Social media may be affecting your self-esteem
It is commonplace these days to pick up your phone at any moment of downtime and peruse social media platforms. Research shows as many as 77 percent of us, according to Statista, have at least one social media account.
Maybe you frequently post pictures of your kids or your dog or read about the happenings of old friends or colleagues. Whatever your reason for turning to social media, its use could be impacting your overall mental health.
It might seem harmless, a way to combat brief moments of boredom in our constantly moving world. How could seeing what your friends or even strangers (if you are part of a group) are up to impact your mental health? It’s because whether you are consciously aware of it or not, you are comparing yourself to others. You are thinking “wow she looks great,” “they have such a beautiful family,” “I wish I was that successful,” the list goes on and on and on.
The Best of the Best
Let’s get real here — the majority of pictures and posts we are seeing on social media are the best of the best. They are painting these perfect pictures of our families, our careers, our travels, and our friendship circles.
A variety of studies, according to Healthline, show a link between social media use and decreased overall self-esteem and increased anxiety and depression (especially in our children). People have reported feeling more lonely after visiting a social media platform. It is kind of odd when you think about it — the very thing that is supposed to bring us closer together may actually be making us feel more alone.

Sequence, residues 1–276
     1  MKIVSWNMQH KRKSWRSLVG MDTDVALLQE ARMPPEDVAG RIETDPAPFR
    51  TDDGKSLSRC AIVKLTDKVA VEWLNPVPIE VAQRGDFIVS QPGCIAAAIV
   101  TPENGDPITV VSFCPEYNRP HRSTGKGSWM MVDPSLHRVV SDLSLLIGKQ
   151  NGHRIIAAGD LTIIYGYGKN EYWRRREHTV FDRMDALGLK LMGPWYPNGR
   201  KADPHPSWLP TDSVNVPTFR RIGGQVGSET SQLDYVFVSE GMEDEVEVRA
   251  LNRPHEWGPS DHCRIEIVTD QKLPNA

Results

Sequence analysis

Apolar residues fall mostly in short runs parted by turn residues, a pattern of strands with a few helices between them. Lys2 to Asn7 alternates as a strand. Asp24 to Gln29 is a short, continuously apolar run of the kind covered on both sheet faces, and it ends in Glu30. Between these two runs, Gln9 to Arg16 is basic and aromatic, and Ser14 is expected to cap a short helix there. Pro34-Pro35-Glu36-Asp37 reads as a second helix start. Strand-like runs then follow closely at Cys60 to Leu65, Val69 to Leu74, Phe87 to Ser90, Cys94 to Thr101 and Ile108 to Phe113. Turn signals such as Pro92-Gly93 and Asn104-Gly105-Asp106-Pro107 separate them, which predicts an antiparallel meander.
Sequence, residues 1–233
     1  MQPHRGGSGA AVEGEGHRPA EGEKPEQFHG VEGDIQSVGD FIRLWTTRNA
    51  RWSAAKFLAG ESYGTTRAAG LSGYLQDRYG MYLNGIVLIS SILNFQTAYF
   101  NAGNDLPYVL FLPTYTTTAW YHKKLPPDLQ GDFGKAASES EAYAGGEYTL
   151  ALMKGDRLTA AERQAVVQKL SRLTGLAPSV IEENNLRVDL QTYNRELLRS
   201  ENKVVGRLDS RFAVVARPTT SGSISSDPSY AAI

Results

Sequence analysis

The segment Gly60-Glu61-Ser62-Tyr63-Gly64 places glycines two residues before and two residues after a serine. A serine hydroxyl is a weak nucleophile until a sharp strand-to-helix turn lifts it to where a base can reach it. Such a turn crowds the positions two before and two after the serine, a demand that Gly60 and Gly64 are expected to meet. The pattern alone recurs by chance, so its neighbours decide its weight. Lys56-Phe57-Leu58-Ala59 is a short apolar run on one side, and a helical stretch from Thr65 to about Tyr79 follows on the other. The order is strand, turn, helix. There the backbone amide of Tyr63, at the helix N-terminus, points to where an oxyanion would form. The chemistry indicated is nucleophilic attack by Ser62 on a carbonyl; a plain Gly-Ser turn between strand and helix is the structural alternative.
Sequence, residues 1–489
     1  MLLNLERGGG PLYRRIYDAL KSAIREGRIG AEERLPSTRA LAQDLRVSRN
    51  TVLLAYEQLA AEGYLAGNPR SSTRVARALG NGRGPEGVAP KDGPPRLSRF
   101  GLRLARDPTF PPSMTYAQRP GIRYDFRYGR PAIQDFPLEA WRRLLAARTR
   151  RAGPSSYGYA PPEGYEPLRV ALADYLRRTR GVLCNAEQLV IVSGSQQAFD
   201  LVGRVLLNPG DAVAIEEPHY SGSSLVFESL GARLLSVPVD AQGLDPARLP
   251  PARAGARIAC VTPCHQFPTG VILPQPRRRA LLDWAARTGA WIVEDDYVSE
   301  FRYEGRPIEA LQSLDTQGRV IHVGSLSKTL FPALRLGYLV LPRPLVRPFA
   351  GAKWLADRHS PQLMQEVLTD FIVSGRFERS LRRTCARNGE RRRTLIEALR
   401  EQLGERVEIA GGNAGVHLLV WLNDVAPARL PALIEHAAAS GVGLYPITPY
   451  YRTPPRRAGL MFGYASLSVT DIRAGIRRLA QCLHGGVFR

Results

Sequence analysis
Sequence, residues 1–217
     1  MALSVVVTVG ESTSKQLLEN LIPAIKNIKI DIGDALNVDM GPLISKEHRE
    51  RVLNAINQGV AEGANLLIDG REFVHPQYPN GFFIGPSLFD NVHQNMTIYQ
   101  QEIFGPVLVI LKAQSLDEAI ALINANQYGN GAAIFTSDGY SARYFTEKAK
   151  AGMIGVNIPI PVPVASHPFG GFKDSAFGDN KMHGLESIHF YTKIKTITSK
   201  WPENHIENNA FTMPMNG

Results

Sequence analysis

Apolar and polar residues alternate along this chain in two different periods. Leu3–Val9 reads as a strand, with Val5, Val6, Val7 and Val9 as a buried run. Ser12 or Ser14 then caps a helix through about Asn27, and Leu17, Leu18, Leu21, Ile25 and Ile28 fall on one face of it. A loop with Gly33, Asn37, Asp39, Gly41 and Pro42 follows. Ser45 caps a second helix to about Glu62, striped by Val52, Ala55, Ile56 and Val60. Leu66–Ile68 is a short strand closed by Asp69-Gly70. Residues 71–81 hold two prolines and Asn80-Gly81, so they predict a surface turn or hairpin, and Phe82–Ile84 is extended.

Now, don’t get me wrong. There are benefits to social media— increased awareness of certain issues, sharing of news, communities of support, and an ease to connect with those far away from us. But, it is also important that we recognize the negative impacts these types of behaviors are having on our health.
Take care to recognize the amount of time you are spending on these websites and how you feel when you get off of them. Then, work on limiting yourself so that you don’t continue to harm yourself mentally and emotionally. Choosing certain times of the day or week to unplug is important.